When light falls on the surface of an object it provides energy. This induces a chemical reaction in the molecules of the material, which causes physical changes including the structural weakening of the fibres and a change in colour. The damage caused by this reaction is cumulative and irreversible. How vulnerable different materials are to light varies, but textiles particularly are highly light sensitive. We have the largest collection of English Stuart furniture in the world to have survived. It is internationally significant and we want to ensure that these magnificent pieces can be enjoyed for generations to come.

A key part of our work involves monitoring the light levels in the show rooms. If you look carefully at some of our furniture, you may notice small rectangular cards with a square of blue wool in the centre. These are called dosimeters and we use them to monitor the effects of light. They are placed on or near light sensitive objects and left in position for a year. Part of the blue wool is exposed while the other part is protected. When the dosimeter is removed and sent off for analysis, a measurement is made of the degree of fading. How much the blue wool has faded depends on the amount of light it has been exposed to. The conservation team also conduct regular checks to measures both the UV and the intensity of the light (lux) and we have two Hanwell LUX/UV monitors on the east and south sides of the building, which send back information to a computer in the office.



Knowing the fade rate of the blue wool allows us to accurately measure how much light objects and rooms are exposed to.



The most effective way to protect our collection is by preventing it from being exposed to too much natural light. We now have case covers on the furniture in the Spangled Dressing Room, to protect the incredibly fragile and deteriorating fabric. Historically, case covers have been used to protect special pieces of furniture in grand houses from the ill effects of light and dust. Should an important person come to visit the covers could be removed to reveal the textile underneath. Our red custom cotton case covers have been carefully made by upholstery conservator Heather Porter to ensure that each piece of furniture gets the individual protection that it requires.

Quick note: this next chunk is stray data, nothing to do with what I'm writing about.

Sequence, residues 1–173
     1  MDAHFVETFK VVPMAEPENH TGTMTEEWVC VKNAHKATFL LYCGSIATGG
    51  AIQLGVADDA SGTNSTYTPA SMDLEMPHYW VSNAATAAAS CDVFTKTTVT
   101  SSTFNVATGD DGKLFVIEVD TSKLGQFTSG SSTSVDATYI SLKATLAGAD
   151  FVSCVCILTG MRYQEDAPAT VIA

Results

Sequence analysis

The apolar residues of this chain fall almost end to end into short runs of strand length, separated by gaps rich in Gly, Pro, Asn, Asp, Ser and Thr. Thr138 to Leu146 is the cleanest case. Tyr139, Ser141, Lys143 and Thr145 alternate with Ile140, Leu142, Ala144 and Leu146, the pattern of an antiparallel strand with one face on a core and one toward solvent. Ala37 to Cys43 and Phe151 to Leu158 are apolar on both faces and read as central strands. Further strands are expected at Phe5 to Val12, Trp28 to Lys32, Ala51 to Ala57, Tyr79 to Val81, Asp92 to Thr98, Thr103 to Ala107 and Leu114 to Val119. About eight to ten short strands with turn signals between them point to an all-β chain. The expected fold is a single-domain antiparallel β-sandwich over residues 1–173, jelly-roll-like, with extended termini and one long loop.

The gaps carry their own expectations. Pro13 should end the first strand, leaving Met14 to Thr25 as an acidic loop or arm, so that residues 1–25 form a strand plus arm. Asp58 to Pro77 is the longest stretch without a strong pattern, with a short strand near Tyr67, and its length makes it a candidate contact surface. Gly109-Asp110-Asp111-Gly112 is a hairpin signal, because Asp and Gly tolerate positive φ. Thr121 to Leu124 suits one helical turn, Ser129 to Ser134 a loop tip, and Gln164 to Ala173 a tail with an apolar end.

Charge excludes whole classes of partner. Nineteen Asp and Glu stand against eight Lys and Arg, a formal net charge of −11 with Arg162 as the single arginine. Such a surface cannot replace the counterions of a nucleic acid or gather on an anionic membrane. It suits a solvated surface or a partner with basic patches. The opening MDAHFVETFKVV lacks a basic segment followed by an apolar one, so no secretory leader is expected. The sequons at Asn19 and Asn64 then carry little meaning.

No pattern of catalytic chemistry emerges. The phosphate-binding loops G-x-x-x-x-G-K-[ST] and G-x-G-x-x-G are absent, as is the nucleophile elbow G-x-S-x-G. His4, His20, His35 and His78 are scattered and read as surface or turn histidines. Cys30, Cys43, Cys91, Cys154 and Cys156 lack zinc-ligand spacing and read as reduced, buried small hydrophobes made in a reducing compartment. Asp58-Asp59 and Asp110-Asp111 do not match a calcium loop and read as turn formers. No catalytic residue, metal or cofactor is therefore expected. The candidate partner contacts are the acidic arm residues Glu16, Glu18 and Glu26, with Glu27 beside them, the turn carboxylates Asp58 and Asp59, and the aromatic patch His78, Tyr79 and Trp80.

One of our brand new case covers in the Spangled Dressing Room


The most damaging part of the light spectrum is ultraviolet (UV) and sunlight contains a high proportion of UV. Where possible we try to filter UV out by using a film on the windows of the show rooms. The light levels in the rooms are kept low and we only expose the rooms to light when it is necessary. However, the current electric lighting in the show rooms is inefficient and ineffective, meaning our collection is often poorly lit. This is something being addressed by the project. A scheme for new lighting has been designed by Sutton Vane Associates. Historic light fittings will be fitted with LED bulbs, which will not only significantly improve the presentation of the show rooms but will also help protect our collection.


This is from a trial conducted at Knole in the Brown Gallery. You can see how the proposed LED lighting will not only protect the vulnerable materials but really highlight our fabulous collection.

Dismantling the Spangled Bed – Part 1

July was a busy and exciting time at Knole. After long a long period of preparation the day finally came when we dismantled the glorious Spangled Bed at Knole. This is one of the three state beds here along with the James II Bed and the King’s Bed. The textiles of the bed date back to the 1620s, roughly 50-60 years older than the other beds. Our first record of the bed at Knole is in 1706 after it came down from Copt Hall (another family house) along with a lot of other furniture.

 The significance of the bed continues to grow as we learn more and more about its origins and construction. As part of our ongoing conservation work the bed has now been taken apart and waiting to be taken away for treatment that will likely take about 2 years.

 Considering this bed has not been dismantled for centuries we needed to plan everything very carefully before we acted. The first stage involved conservators from the National Trust Textile Studio at Blickling removing the hangings and other textile elements to be packed ready to for transport.


Halfway through the packing process on the Great Hall dais

This involved the construction of bespoke boxes to houses each item safely and securely for their journey. The two mattresses from the bed have been stored safely at Knole whilst the rest of the textiles have been packed and can be seen on the dais of the Great Hall right now.


Piece of the spangled textile wrapped in acid-free tissue.

The first three days of our bed week were all about the textiles. Once the mattress and textiles had been removed it was time to start thinking about dismantling the woodwork. Look out next week for part two of the Spangled Bed story!

Knole Conservation Team